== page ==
Recently my grandmother lent me Lady Catherine, the Earl, and the Real Downton Abbey, a look at Catherine Wendell, the 6th Countess of Carnarvon, and her life and connection with Highclere Castle, the real English country house used as the set of Downton Abbey. My grandmother and I are both big Downton Abbey fans, and she rightly thought I would enjoy learning more about the real “abbey” and its history. This particular book is by Fiona, the current and 8th Countess of Carnarvon, and is her second about the people, especially the women, who have called Highclere home.
This book tracks the life of Catherine Wendell, an American-born, British-raised beauty, mainly between World War I and II, along with her marriage to Lord Porchester, the son of the 5th Lord Carnarvon (co-“discoverer” of King Tut’s tomb with the archaeologist Howard Carter–for an excellent look at that archaeological discovery, check out In the Valley of the Kings: Howard Carter and the Mystery of King Tutankhamun’s Tomb by Daniel Meyerson). It briefly covers both Catherine and Porchey’s (as he was known) childhoods, introduction, wedding, and time in India with Porchey’s regiment before focusing on their time as Earl and Countess of Carnarvon, prior to their divorce, along with their evolving relationship with each other and the house post-divorce. In the telling of Lady Catherine’s life, Lady Carnarvon thoroughly examines the role of the great English houses in a changing society, the shifting priorities in maintaining such a house, and women’s evolving place in society, making meticulous use of a myriad of primary documents from the castle’s archives.
The book itself is an easy and, at times, breezy read. It’s very conversational with just a touch of respectful gossip (if gossip can be respectful) at the right moments. Classy gossip, if you will. And refreshingly, it is not at all about the television show. Lady Carnarvon has cleverly co-opted the title of the show as an effective marketing device, mentioning it in her own title and the introduction, but otherwise her focus is entirely on Lady Catherine and Highclere. However, she frequently builds up to a seemingly important moment and then quickly glosses over the moment itself. She also occasionally foreshadows events that she never touches on again. That being said, her account is a loving yet realistic portrait of her husband’s grandparents and life in the British aristocracy at a time when the very idea of aristocracy was being called into question. I say realistic because Lady Carnarvon does not gloss over the more unsavory or difficult aspects of many of the individuals involved, including Porchey’s philandering, his mother’s spending habits, or Catherine’s struggle with depression and alcoholism. She feels that her duty is to tell the whole story of her family and to preserve its entire history rather than just the “public” parts.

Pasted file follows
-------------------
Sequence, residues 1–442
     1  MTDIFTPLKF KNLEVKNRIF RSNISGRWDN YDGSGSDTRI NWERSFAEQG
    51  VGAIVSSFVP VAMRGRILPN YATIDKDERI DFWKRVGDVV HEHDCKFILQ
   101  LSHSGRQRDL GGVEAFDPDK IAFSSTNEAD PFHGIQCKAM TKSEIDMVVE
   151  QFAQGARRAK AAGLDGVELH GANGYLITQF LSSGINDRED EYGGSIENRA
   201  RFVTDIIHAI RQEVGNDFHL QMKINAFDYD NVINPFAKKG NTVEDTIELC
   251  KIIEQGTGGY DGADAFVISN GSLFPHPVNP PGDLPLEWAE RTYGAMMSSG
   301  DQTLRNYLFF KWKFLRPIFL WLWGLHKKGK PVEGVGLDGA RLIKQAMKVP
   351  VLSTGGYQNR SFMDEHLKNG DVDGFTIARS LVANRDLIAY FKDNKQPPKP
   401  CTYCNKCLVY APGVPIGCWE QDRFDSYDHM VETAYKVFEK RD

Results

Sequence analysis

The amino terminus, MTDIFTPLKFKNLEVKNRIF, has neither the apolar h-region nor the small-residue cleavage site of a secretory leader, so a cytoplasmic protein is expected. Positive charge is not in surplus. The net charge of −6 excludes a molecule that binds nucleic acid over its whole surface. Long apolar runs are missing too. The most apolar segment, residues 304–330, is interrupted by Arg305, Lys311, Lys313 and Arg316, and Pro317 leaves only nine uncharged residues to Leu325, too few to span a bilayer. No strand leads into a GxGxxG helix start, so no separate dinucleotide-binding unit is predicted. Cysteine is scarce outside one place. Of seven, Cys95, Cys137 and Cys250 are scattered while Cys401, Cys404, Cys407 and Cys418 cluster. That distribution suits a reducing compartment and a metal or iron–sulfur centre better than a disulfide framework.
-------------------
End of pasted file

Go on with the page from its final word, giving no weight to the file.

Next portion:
That right there is the real merit of this book. Lady Carnarvon is working hard to preserve the history and legacy of Highclere and all of its inhabitants, from the lowest tenant to the highest lord. She devotes a significant amount of time on several of those in service to the 6th Earl and Countess of Carnarvon, deftly weaving in their experiences into the tapestry of the house’s history and emphasizing their importance both individually and collectively. I don’t know if Lady Carnarvon is a professional historian or not, but it is obvious that she takes her role as Countess and keeper of Highclere’s entire history very seriously. I hope that she continues to do so to ensure that the many stories of the owners, their staff, and the surrounding tenants and citizens continue to be told.